Movement has always been a key feature of vanguardist ideas, as Jodi Dean points out: “Marx and Engels link socialism not simply to the identity of the working class. They link it to working-class movement.”26 She argues we should embrace desires for collectivity, which require the Left to “turn to the process of movement, recognizing the people as the subject of that movement.”27 The people, in turn, emerge as a crowd which gives itself definition through movement. This movement is one which is communicated, where crowds form to signal their desire for collectivity. They signal these desires by raising their voices, chanting, singing, arguing, mic-checking, speechifying and more. Stories become connected in the process of moving together as a crowd with multiple voices and points of reference, allowing for an eventual shared politics to take shape.

Dean claims, “The crowd doesn’t have a politics,” but that rather the “event” of a crowd provides “the opportunity for a politics.”28 She concludes that since the crowd has no politics yet, and therefore no history, reviving the communist party is necessary. “The party does not represent the people as a collective subject,” she writes, “The party responds to this subject. . . It gives the crowd a history.”29 The need for a party, in essence, boils down to the need for a common language. “When local and issue politics are connected via a common name,” writes Dean, “successes in one area advance the struggle as a whole.”30 But I disagree with Dean on these points. The crowd does have a history, always, and its history is important. To imagine otherwise neglects understanding that “the social world is an accumulation of history.”31 Further, this common language need not be under the label of a communist party; we will discover the language through our movement.

Stories, though, can be told from the lens of hate. An obvious conflict arises from stories told by white supremacist groups against those of antiracist movements like Black Lives Matter. Political clarity over the prevailing circumstances is needed. Yamahtta Taylor writes, “We live in a thoroughly racist society, so it should not be surprising that people have racist ideas.” The more important question, she writes, “is under what circumstances those ideas can change.” Identifying the basis for change, Yamahtta Taylor reports, “There is a clash between the prevailing ideology in society and people’s lived experience. . . Whether or not a group of workers has reactionary, mixed, or even revolutionary consciousness does not change its objective status as exploited and oppressed labor.”32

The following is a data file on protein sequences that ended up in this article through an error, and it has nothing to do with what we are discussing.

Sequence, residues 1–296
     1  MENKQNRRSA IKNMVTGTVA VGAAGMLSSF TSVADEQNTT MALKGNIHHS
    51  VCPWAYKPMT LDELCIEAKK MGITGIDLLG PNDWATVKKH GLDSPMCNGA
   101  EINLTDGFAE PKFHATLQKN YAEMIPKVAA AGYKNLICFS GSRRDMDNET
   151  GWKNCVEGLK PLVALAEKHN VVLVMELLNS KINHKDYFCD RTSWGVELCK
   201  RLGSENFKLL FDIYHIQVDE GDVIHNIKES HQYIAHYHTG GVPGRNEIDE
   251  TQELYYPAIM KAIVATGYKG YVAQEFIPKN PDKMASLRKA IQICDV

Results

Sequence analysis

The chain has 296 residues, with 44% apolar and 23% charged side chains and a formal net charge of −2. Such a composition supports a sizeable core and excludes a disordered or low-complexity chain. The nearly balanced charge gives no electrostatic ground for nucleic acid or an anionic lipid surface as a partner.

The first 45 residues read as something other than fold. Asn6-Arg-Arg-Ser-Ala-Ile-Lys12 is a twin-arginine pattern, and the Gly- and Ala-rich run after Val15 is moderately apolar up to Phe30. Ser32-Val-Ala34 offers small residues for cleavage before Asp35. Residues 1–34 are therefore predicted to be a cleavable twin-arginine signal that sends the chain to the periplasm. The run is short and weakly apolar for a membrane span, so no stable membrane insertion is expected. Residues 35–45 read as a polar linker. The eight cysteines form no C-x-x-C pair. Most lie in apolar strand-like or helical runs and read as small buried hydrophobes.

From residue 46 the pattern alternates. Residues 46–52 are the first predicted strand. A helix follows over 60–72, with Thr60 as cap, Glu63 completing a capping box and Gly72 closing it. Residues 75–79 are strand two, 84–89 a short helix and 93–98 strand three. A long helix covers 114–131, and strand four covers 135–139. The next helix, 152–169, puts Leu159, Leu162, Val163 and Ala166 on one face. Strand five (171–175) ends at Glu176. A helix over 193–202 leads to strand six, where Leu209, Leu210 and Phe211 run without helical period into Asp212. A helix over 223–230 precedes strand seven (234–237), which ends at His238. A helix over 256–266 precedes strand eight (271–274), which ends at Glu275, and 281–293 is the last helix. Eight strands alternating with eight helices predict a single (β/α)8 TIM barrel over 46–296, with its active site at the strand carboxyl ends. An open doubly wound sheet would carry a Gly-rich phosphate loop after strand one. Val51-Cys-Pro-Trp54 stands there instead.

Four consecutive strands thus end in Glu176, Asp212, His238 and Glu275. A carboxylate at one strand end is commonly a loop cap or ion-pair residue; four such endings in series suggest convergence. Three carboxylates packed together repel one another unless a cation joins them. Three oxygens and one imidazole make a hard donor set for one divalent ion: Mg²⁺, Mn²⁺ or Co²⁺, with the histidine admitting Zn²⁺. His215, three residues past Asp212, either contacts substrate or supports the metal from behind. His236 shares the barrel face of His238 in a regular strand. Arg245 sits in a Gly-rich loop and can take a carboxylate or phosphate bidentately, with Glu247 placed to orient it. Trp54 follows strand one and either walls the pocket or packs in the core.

The same holds true for every oppressed group. Consciousness does not alter oppression’s objective conditions, whether it is in the form of marginalization, violence, powerlessness, cultural imperialism, or alienation. The task for vanguards is to locate the spaces where solidarity can be fostered through the sharing of stories. Spaces can be organizational spaces, public spaces, counter-cultural spaces, or anywhere we can communicate desires for collectivity. Highlighting the importance of space, John Holloway writes, “We have to build forms of organization that allow people to articulate their dignities, that encourage people to speak, that encourage people to explain their worries, that encourage people to talk about their concerns, that encourage people to draw out their dignity.”33

Holloway encourages pushing passed the false duality between class and identity, suggesting our human worth is vastly more rich and abundant than these categories. “We don’t fit into any boxes, and we don’t fit into any identities,” writes Holloway, “Our politics…is inevitably an anti-identitarian politics.” This is a politics which threads class and identity together, because “if we don’t recognise how we spill over from our own identities, then…our language becomes too easily integrated, it becomes…reactionary.”34

Someone once remarked that the United States, and the world at large, does not have as much a division between left and right as it does between top and bottom. Highlighting stories which expose shared grievances against the top provide the basis for recognizing our struggles as connected. Vanguards become ones which do not strictly lead but map the locations for groups to enter a shared project of liberation. In order to conduct such a project, we must claim spaces which bring together disparate groups. Occupy Wall Street offered insights for this type of experiment. The occupation of public spaces allowed the public to challenge representative democracy and the ruling class expressed as the “1%.” Occupation also allowed for a broader appellation of people to locate visible entry points for engaging in the exchange of stories. Vanguards, then, capture spaces that create entry points for the masses to share their stories, desires, histories, and visions of a better society.